The Writings of Samuel Adams - Volume 4 eBook

This eBook from the Gutenberg Project consists of approximately 396 pages of information about The Writings of Samuel Adams.

I am pleasd to observe in your Letter of 28 Feby that Mr Burgoyne seems to be alterd in his Ideas of Congress.  The Gentleman to whom you request me to communicate the Contents of that Letter, I am not in the least acquainted with, but shall comply with your Request whenever I shall find an opportunity of doing it.

I fear from what you mention in your Letter of the 7th of March that the Expectations of the People with Regard to Ty. & Independence will be baulkd.  If they are, the Cause in my opinion will be injurd & the Confidence of the People in those who have the Mannagement of our Affairs civil & military lessend, which I should be very sorry to see.  In the same Letter you tell me that Lt Colo Anstruthers Request to seek his own Release on Condition of his getting Colo Allens is granted.  I now inclose a Letter which I had mislayed & omitted to send, relating to Lt Colo Campbells who I wish might be exchanged for Friend Ethan.1

I do not wonder that you have been mortified upon the Delay of a certain Affair to which you refer in your Letter of the 10th Instant.  I wrote you the Opinion of this Town respecting that Affair above a Month ago.  I shall only observe that in my opinion, every one who is intrusted with the Affairs of the Publick does not feel so sensibly for its Reputation as I think you do.  I have inclosd the Instructions of the General Assembly to their Delegates in Congress upon the Confederation, and when I shall have the pleasure of seeing you I may perhaps give you the Causes why that important Matter was not determind sooner.  I immediately after reading your last mentiond Letter communicated to the Council that part of it which relates to the Propriety & Necessity of making regular Returns of what is done here in Consequence of the Recommendations of Congress; and a Committee of that Board is now looking over the Journals & Papers for that Purpose.  In the same Letter you mention your having receivd a Letter from Mr John Amory, with his Request that you wd put a memorial into Congress for him.  In what Manner could Congress interpose for him if you should comply with his Request?  His Residence in this State was deemd by the Gen1 Assembly to be dangerous to the State.  Will Congress order or recommend that He should reside in it notwithstanding?  “He was surprizd into an Oath of Allegiance!” He said upon his Examination here that he was not compelled to take the Oath.  He did not recollect the Form or Tenor of the Oath he had taken—­but desired to live peaceably in his Native town but could not in Conscience take up Arms against the British King.  I will desire Mr Appleton to write to you on the Subject.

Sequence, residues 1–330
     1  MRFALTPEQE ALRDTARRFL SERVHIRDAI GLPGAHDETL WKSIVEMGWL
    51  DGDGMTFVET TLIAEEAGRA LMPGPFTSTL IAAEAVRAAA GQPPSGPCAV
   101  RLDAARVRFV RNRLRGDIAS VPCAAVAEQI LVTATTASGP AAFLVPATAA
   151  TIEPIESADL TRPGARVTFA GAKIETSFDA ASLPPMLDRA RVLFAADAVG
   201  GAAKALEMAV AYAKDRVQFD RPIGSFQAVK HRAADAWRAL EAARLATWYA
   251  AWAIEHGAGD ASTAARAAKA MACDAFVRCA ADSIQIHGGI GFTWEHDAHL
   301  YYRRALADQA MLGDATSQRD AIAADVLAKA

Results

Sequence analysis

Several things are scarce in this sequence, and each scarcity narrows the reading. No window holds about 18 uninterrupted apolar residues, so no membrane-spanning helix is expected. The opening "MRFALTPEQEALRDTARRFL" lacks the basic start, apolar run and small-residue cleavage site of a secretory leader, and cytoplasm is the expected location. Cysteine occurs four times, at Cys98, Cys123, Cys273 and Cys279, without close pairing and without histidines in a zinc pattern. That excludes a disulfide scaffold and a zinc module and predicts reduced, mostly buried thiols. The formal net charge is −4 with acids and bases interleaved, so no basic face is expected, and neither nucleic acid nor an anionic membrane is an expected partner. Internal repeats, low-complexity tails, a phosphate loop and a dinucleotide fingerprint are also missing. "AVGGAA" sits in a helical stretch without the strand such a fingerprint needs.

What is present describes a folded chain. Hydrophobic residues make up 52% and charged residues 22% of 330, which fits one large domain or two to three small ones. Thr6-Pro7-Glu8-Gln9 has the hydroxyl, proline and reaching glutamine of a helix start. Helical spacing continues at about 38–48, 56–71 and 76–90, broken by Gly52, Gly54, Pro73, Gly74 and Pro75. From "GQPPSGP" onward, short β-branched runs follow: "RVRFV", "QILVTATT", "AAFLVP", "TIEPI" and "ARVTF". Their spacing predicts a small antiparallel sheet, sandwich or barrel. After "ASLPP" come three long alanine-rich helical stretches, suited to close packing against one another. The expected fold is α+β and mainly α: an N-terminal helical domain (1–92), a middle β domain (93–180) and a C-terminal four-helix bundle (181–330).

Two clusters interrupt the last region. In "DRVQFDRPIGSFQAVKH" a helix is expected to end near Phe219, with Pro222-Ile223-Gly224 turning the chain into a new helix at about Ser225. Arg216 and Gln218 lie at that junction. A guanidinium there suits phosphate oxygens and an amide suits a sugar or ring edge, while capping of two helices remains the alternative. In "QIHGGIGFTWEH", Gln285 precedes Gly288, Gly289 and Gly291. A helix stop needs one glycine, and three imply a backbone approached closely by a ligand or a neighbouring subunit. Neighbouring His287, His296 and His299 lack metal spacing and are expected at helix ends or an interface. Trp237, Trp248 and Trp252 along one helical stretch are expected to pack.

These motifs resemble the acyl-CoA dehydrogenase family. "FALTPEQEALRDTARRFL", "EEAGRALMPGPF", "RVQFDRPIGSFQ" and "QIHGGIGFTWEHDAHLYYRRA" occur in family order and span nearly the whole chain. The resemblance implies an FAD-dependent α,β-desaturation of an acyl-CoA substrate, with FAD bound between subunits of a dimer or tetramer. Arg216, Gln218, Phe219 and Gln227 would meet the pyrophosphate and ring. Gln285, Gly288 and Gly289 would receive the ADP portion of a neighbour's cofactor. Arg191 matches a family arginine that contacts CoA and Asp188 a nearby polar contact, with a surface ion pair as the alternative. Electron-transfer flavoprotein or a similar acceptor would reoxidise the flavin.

1 Allen.  Cf. page 9.


[Ms., Samuel Adams Papers, Lenox Library.]

[Boston, ——­, 1778.]


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